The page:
Corporate scale-up on renewables driving key market shifts - Smart Energy Decisions

Commercial, Finance, Industrial, Solar, Sourcing Renewables, Wind  -  October 18, 2016

Report: Clean energy goals drive new buying strategies

As more and more U.S. businesses lay out highly ambitious renewable energy targets, the trends and strategies in corporate procurement of clean energy are shifting, according to a new report.

The report, produced by World Wildlife Fund and Corporate Eco Forum, highlights key trends in how the U.S. private sector is mobilizing around clean energy. Released Oct. 18, it draws on reactions from 37 companies who are members of the Corporate Eco Form and/or the Renewable Energy Buyers Principles

Two of the most notable trends in 2016 are a shift toward more direct procurement of renewable energy in place of more indirect forms such as unbundled renewable energy credits, and the pursuit of wind energy over solar, according to Bryn Baker, manager of WWF's renewable energy program and co-author of the report. Those two trends, she said, are likely the result the rapidly accelerating number of companies striving to reach 100% renewables. 

In September, it was announced that eight new businesses recently joined the RE100 initiative, pledging to power 100% of their operations with renewable energy. Those eight followed Apple Inc., Bank of America Corp. and General Motors Co., each of which only recently joined the initiative.

"Even considering that this is a select group of leaders that responded to the survey, the high number of companies that have 100% renewable energy targets was shocking, even to us that work in this space," Baker told Smart Energy Decisions on Oct. 18. "I think that's significant because it means that they are not just asking for direct forms of renewable energy, but they're asking their suppliers to get them to 100%. And that's the game changer as you think about it at an implementation level, or practical level. "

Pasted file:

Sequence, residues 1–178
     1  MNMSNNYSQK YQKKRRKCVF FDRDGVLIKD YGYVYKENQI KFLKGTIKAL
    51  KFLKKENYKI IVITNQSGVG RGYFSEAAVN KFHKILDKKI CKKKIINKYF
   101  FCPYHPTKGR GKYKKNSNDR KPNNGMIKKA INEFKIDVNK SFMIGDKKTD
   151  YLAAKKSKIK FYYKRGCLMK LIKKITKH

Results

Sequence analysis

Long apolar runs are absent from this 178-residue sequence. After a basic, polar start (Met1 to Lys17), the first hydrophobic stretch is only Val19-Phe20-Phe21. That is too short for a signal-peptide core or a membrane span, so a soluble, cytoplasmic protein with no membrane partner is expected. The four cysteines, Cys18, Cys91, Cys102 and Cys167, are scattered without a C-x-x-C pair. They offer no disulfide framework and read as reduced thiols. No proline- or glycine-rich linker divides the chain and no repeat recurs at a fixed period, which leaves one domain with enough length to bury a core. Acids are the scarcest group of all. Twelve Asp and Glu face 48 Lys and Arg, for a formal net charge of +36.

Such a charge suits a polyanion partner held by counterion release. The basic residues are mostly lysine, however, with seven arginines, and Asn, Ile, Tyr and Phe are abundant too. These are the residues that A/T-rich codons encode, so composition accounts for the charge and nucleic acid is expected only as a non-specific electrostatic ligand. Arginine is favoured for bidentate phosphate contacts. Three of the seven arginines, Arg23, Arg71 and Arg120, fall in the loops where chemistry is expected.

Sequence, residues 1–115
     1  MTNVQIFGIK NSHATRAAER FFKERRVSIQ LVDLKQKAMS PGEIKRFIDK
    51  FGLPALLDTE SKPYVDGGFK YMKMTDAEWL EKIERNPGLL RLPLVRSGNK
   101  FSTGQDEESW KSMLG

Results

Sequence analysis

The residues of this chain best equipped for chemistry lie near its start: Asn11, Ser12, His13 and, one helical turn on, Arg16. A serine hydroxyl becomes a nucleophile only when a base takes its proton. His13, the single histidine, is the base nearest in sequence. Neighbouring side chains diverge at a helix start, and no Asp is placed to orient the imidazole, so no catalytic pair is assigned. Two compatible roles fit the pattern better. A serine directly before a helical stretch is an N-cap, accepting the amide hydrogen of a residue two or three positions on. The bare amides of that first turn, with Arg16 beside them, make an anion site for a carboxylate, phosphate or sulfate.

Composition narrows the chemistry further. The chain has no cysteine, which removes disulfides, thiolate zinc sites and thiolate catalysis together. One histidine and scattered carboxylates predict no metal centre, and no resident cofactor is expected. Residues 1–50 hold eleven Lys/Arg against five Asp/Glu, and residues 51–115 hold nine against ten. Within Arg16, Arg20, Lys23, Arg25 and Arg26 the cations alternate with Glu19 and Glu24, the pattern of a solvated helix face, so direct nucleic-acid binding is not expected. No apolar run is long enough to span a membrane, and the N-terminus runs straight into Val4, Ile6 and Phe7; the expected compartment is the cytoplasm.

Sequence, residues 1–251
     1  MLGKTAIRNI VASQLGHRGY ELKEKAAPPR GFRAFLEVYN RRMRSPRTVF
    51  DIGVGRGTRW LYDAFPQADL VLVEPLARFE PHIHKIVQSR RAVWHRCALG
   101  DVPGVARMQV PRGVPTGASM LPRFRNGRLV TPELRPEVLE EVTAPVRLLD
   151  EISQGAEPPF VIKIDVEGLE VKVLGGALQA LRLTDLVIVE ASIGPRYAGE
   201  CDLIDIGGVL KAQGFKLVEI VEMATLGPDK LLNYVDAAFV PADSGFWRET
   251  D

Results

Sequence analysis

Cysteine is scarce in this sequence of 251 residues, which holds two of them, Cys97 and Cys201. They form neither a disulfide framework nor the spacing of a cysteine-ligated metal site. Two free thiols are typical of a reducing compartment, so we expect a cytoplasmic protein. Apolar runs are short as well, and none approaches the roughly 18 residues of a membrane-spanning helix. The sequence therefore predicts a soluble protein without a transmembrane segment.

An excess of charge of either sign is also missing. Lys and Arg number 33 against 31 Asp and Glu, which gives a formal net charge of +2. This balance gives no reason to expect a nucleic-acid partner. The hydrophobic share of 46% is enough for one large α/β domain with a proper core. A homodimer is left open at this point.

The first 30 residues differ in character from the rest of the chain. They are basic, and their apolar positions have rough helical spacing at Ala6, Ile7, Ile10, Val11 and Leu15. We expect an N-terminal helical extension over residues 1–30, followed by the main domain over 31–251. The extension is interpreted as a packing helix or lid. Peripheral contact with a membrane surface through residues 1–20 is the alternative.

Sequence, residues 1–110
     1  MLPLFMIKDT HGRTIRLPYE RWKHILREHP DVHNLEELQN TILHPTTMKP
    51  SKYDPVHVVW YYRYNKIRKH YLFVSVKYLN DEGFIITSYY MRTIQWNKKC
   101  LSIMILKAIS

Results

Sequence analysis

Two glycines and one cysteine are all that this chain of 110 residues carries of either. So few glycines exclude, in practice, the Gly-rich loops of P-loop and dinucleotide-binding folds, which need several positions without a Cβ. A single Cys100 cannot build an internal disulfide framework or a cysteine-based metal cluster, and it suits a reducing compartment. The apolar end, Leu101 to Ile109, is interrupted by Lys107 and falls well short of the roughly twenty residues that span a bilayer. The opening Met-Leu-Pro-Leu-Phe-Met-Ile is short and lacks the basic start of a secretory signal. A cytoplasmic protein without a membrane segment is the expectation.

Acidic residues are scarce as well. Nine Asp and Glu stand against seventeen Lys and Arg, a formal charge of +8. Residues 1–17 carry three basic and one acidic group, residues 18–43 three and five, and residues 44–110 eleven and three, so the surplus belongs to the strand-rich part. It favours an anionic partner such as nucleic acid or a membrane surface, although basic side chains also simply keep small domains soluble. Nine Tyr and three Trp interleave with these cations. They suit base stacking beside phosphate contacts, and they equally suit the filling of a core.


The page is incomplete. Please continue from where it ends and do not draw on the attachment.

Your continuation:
That's primarily because for most large, multinational corporations, getting to 100% requires a tremendous scaling up of their renewable energy portfolios. The need for larger amounts of renewable energy, Baker said, has lead to different methods of purchasing, which WWF primarily attributes to the shift to more direct procurement.

That being said, use of unbundled RECs is still significant, according to the survey: They were the most commonly used renewable energy procurement instrument among  the 37 respondants. Physical power purchase agreements, or PPAs, came next, followed by self-owned generation, including onsite and offsite projects. 

"I'm going to surmise that because these companies have really aggressive renewable energy targets, they're feeling like they are under a lot of pressure to meet them, and most of them are pretty short-term," Bryn said. "They realize that the business cases behind the direct forms of procurement, so they're moving in that direction but they're using the unbundled RECs basically as gap fillers or bridges within their own commitments." 

Another key finding that WWF attributes to the need for larger amounts of clean energy: Wind has emerged as the largest source of renewable energy for corporations who responded to the survey, accounting for more than half of overall procurement in 2016. 

"Wind is really the most cost effective way to gain scale," Baker said. "Though solar payback is improving dramatically, even in the last year." 

Among other key findings of the report, which also examined the role of policy in shaping corporate energy procurement strategies, include:

  • Ambition is increasing: more than half of companies surveyed have set a renewable energy target, with approximately half of those targets for 100% renewable energy.
  • Companies want access to offsite PPAs: Companies are pursuing a wide variety of policy instruments to increase access to renewable energy options but companies distinctly prioritize access to offsite PPAs.
  • Companies identify priority states: Companies surveyed have identified California, North Carolina, New Jersey, Texas and Virginia as the highest-priority states for renewable energy policy activities.
  • The specifics of the U.S. EPA's Clean Power Plan, or CPP, are a barrier to engagement: The majority of companies surveyed would like to encourage state-level utilities to design programs that meet their renewable procurement needs while complying with the CPP, but only a third of surveyed companies feel prepared to speak about the CPP more broadly. A knowledge deficit exists around the CPP and how it will impact corporate renewable energy procurement.
Tags: CEF, wwf

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